6. Use simple ringtones. "Musical ringtones use the phone's processor, which uses more battery," says Derek Meister, who has the title of double agent with Best Buy's Geek Squad. Simpler, standard ringtones don't require such processing power.
7. Push less. Perhaps the most popular smartphone application is push e-mail, which requires your device to check for messages nearly constantly. That guzzles juice, but settings are available on the server side (you'll need to talk with IT) and, often, on the phone itself that enable your phone to check for messages, say, only every 10 minutes or half hour. Admittedly, this will require an adjustment for those who are used to constant communications, but it's worth it in terms of battery savings.
Besides push e-mail, many other applications and Web services such as instant messaging, navigation tools and stock, news, sports and weather checkers periodically update information. "You may not realize that ESPN, if it's set to update every five minutes, will drain your battery," says Motorola's Lundgren. Close these apps and sites when you're not using them.
8. Ease off alerts. Do you really need your phone to vibrate when any old message comes in? Turn off visual or audible alerts for newly arrived messages or, at the very least, be selective so you are notified of messages from only your boss or spouse, for instance.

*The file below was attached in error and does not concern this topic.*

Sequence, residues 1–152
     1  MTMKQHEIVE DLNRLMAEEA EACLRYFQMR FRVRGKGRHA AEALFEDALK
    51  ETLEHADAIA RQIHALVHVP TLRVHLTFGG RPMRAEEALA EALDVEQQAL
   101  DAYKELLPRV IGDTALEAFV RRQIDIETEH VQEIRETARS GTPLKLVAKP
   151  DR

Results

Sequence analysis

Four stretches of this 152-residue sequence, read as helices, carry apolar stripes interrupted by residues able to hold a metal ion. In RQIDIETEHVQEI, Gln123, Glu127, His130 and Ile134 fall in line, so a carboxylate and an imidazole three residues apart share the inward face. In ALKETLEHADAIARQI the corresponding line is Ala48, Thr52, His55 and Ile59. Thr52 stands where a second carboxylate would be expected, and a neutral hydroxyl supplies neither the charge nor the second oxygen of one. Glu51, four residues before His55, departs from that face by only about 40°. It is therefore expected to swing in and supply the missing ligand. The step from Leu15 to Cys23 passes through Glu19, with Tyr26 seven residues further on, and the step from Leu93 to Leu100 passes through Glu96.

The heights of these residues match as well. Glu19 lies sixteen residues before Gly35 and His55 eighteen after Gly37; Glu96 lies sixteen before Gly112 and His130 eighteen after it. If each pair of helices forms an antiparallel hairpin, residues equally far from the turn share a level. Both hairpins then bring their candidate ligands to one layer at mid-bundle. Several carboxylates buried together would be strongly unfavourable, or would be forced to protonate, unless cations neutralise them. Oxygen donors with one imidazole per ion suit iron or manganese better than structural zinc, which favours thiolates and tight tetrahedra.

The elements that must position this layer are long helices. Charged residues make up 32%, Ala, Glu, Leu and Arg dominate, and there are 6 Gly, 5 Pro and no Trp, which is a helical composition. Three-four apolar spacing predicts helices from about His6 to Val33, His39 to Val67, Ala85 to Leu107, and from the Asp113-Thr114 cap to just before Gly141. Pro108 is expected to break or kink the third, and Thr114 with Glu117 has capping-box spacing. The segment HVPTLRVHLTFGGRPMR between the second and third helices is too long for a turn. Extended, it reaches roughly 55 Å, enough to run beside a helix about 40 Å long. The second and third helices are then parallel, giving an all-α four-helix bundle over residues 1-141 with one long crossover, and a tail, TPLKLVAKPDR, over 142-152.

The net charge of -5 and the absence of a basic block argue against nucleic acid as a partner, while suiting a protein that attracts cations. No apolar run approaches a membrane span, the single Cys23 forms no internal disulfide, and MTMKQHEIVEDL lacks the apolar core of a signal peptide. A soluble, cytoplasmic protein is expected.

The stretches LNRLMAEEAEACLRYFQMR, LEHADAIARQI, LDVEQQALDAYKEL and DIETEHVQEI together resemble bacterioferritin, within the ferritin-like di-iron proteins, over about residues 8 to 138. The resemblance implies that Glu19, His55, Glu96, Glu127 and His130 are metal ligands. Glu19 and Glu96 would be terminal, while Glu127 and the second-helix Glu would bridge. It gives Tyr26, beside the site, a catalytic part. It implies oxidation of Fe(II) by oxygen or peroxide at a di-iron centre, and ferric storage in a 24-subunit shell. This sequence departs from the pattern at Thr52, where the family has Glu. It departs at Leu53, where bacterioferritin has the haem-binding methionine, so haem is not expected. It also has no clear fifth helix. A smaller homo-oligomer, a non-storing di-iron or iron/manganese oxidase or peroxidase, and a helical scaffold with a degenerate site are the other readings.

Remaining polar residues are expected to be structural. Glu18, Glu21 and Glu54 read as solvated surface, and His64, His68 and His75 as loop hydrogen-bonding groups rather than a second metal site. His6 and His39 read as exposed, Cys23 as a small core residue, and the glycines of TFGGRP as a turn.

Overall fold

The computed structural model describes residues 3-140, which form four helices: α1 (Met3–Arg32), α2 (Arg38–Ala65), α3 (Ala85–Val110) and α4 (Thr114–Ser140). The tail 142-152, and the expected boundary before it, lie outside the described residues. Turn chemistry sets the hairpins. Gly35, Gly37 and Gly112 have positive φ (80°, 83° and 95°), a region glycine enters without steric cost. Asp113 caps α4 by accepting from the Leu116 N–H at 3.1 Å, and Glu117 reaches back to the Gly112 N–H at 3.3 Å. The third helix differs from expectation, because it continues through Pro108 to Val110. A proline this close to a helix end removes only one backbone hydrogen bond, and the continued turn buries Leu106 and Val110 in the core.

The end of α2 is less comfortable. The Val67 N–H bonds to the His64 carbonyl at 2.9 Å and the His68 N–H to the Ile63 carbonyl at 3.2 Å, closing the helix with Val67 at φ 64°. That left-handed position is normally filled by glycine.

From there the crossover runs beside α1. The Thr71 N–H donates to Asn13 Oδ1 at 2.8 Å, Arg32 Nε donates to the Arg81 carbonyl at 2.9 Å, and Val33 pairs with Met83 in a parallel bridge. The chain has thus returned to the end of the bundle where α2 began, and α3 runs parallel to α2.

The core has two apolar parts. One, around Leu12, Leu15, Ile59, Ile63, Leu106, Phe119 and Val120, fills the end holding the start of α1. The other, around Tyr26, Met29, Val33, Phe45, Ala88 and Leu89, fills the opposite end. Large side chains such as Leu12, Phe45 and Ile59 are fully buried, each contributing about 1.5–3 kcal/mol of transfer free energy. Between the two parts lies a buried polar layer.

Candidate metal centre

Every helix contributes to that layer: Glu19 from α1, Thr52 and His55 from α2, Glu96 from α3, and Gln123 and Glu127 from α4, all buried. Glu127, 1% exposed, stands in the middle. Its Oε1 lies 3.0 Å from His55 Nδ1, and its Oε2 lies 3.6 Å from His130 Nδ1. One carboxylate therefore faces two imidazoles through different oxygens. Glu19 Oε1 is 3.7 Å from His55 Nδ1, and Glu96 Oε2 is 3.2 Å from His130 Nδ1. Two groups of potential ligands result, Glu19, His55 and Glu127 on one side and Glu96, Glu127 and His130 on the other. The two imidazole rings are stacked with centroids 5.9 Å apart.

Manage Your Hardware
In the old days, cell phones had only one radio for making voice calls. Besides a radio to handle regular cellular voice and data services, today's smartphones can also have Bluetooth, Wi-Fi and sometimes GPS radios.
9. Turn off unused radios. Switched-on radios use power even if they're not being used. Learn where on your smartphone to turn off each specific radio. On most Windows Mobile devices, for instance, if you press and hold down the Home button, a dialog box appears in which you can easily turn radios on or off.
10. Watch the time. Cellular radios work harder when a lot of people are accessing the network. "Calling at three in the morning uses less battery than calling at supper time," says Cadex Electronics CEO Buchmann. Granted, calling at 3:00 in the morning probably isn't convenient for you or the person you're calling, but if you're an early bird on the West Coast, 7 a.m. might be the perfect time to call a contact on the East Coast.
11. Know where you are. Buchmann notes that radios work harder in areas in which there is a lot of electrical "noise." That means you'll use less power in an outdoor park than in a shopping mall or hospital, where a lot of electrical devices are in use.
Radios also work harder to find signals in areas with spotty or nonexistent coverage. If you are in an area with poor coverage and you aren't expecting messages, turn your radios off.
12. Slow down. Using 3G services such as HSPA or EV-DO requires more power than older, slower 2.5G services such as EDGE or 1xRTT. Not all applications require the utmost speed; you're unlikely to notice much difference between 2.5G and 3G service, for instance, for checking e-mail. Some phones, such as Apple's iPhone 3G, enable you to switch to slower access to save battery power. Learn if your phone has that option, and if so, use it when appropriate.
13. Use a corded headset. Bluetooth headsets have their own radio, which uses up battery power. Switching to a corded headset, which doesn't use a separate radio, and you'll be talking after others' batteries have run dry.
While you may not look as cool, Best Buy's Meister points to one additional benefit. "Some people think you get better audio quality with wired headsets," he says.